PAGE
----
Instead, he wanted to discern each Gospel writer’s particular emphasis and editorial hand. Scholars today call this Redaction Criticism. Sometimes Origen made judgments about the details of the Gospels that would make contemporary fundamentalists a little queasy, but he remained a firm believer to the end, absolutely committed to reading the whole Bible as the Word of God. (His scholarship on the Old Testament was equally dazzling). It was precisely Origen’s faith in the God of Truth that fuelled his commitment to search for the truth about Jesus.

We could devote many more pages to exploring the work of scholars in ancient and Medieval times who applied their significant intellectual powers to the analysis of the Gospels and Jesus. Among the stars of the story would be Eusebius of Caesarea (260-339), Saint Jerome (331–420), John Chrysostom (347-407) and Saint Augustine (354–430); and at the dawn of the modern period, Desiderius Erasmus (1469-1536) and Martin Luther (1483-1546).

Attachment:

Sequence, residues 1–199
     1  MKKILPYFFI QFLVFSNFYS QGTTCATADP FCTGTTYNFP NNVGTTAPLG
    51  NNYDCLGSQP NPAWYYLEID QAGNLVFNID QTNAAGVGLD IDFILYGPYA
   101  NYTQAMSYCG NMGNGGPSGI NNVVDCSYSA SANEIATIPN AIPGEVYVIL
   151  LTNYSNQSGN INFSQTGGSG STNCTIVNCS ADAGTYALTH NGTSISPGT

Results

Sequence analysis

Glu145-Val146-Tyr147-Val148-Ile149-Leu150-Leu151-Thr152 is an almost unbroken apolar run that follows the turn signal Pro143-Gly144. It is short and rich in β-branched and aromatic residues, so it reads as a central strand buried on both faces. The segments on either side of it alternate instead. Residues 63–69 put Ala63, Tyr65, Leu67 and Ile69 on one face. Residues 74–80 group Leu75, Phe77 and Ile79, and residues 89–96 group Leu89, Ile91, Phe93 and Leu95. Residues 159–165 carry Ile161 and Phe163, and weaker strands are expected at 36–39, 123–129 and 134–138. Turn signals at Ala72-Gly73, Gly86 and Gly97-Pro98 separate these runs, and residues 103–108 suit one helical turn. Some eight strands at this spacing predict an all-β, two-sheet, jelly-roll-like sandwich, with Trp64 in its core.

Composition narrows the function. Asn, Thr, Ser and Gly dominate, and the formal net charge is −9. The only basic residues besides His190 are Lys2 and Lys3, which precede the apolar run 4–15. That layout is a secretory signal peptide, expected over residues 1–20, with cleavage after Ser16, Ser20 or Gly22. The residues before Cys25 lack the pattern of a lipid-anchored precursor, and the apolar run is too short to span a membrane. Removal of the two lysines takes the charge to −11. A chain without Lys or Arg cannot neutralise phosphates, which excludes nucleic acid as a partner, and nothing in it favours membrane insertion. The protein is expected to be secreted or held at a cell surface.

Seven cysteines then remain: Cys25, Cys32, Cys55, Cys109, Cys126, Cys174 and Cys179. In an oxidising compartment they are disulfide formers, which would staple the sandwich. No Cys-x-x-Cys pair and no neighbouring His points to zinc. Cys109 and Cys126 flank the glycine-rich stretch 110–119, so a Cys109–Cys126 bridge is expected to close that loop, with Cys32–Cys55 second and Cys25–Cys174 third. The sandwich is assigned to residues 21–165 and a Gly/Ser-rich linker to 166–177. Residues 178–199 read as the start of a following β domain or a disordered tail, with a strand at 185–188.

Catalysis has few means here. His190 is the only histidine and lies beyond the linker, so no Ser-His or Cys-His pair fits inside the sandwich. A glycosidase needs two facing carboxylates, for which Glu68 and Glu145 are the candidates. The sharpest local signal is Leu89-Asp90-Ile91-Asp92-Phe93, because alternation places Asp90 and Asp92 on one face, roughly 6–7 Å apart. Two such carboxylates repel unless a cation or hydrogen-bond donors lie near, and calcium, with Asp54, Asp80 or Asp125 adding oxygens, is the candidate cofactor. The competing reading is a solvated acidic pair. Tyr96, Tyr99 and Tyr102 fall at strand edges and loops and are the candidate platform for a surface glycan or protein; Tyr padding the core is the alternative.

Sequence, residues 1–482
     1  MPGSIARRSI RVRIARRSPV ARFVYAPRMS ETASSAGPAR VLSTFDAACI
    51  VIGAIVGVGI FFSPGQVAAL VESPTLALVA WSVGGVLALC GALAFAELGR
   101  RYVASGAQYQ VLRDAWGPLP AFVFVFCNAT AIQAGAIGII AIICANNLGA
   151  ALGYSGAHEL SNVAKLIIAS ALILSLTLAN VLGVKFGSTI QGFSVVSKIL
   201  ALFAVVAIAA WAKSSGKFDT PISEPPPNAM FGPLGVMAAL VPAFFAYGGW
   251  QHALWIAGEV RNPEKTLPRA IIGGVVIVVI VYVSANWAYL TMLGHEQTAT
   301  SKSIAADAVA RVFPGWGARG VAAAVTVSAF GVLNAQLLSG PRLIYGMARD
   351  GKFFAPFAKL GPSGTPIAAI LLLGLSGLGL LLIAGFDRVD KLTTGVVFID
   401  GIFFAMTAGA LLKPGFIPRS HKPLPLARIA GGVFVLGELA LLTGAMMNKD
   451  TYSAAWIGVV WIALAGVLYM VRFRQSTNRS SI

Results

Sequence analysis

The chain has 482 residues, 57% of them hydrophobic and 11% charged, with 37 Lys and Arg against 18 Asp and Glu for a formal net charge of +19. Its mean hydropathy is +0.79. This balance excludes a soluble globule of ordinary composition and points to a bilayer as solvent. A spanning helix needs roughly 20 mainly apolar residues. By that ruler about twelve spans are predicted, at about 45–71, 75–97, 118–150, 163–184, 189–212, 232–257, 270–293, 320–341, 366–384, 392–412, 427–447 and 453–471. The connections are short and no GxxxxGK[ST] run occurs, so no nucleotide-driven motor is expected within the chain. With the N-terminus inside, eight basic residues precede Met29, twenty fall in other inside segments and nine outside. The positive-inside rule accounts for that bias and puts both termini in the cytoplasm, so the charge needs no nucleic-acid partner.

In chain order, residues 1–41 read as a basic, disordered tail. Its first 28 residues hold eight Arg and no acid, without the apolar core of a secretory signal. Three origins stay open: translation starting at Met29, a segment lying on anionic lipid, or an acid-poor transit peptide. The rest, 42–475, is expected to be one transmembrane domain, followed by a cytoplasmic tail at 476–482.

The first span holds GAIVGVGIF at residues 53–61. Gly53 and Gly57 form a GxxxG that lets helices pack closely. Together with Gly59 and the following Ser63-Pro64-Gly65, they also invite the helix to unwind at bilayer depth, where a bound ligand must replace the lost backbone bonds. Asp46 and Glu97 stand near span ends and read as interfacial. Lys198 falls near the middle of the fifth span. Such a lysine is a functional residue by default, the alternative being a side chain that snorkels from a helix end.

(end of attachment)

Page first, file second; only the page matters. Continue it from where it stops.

With due respect to the towering figures of Medieval scholarship, I want to race forward to one of the most significant periods in human history—a period that would change forever how we study Jesus.

The First Quest: the confidence of the Enlightenment

The so-called ‘Enlightenment’ was a European intellectual movement of the 17th-18th centuries which emphasized the power of human reason to discover all that was valuable in life. Buoyed by the significant literary and artistic successes of the recent Renaissance period (1400s-1500s) Enlightenment thinkers felt free to question everything. They would not be constrained by mere tradition, whether cultural or ecclesiastical, and the consequences for biblical studies were significant.

Whereas earlier scholarship was inspired by its faith in Christian teachings, Enlightenment scholarship was guided by its confidence in human reason. I should point out that neither approach really lacked the application of reason, as the example of Origen amply demonstrates for the ancient period. Equally, it has to be said that neither really lacked a faith-commitment either. As the philosophers remind us, the prerequisite of all intellectual enquiry is trust in the efficacy of one’s rational powers.